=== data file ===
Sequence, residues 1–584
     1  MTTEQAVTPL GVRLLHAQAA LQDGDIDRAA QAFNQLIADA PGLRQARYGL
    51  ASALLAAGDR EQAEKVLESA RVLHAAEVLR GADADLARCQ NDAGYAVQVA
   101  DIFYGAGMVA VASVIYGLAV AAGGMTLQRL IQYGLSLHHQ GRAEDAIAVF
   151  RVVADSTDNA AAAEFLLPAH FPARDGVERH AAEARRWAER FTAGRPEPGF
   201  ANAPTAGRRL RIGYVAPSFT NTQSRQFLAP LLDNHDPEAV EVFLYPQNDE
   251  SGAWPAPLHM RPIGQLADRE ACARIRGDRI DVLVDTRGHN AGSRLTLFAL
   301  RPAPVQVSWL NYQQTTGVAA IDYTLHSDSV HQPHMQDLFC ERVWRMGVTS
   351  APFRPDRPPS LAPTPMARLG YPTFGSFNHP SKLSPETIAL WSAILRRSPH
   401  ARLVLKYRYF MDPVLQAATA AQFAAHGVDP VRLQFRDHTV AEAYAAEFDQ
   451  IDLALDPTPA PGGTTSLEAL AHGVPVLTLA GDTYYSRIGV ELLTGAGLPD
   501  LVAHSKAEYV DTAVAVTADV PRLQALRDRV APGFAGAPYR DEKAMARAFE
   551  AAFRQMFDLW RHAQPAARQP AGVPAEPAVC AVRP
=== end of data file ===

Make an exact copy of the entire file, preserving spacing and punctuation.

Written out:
Sequence, residues 1–584
     1  MTTEQAVTPL GVRLLHAQAA LQDGDIDRAA QAFNQLIADA PGLRQARYGL
    51  ASALLAAGDR EQAEKVLESA RVLHAAEVLR GADADLARCQ NDAGYAVQVA
   101  DIFYGAGMVA VASVIYGLAV AAGGMTLQRL IQYGLSLHHQ GRAEDAIAVF
   151  RVVADSTDNA AAAEFLLPAH FPARDGVERH AAEARRWAER FTAGRPEPGF
   201  ANAPTAGRRL RIGYVAPSFT NTQSRQFLAP LLDNHDPEAV EVFLYPQNDE
   251  SGAWPAPLHM RPIGQLADRE ACARIRGDRI DVLVDTRGHN AGSRLTLFAL
   301  RPAPVQVSWL NYQQTTGVAA IDYTLHSDSV HQPHMQDLFC ERVWRMGVTS
   351  APFRPDRPPS LAPTPMARLG YPTFGSFNHP SKLSPETIAL WSAILRRSPH
   401  ARLVLKYRYF MDPVLQAATA AQFAAHGVDP VRLQFRDHTV AEAYAAEFDQ
   451  IDLALDPTPA PGGTTSLEAL AHGVPVLTLA GDTYYSRIGV ELLTGAGLPD
   501  LVAHSKAEYV DTAVAVTADV PRLQALRDRV APGFAGAPYR DEKAMARAFE
   551  AAFRQMFDLW RHAQPAARQP AGVPAEPAVC AVRP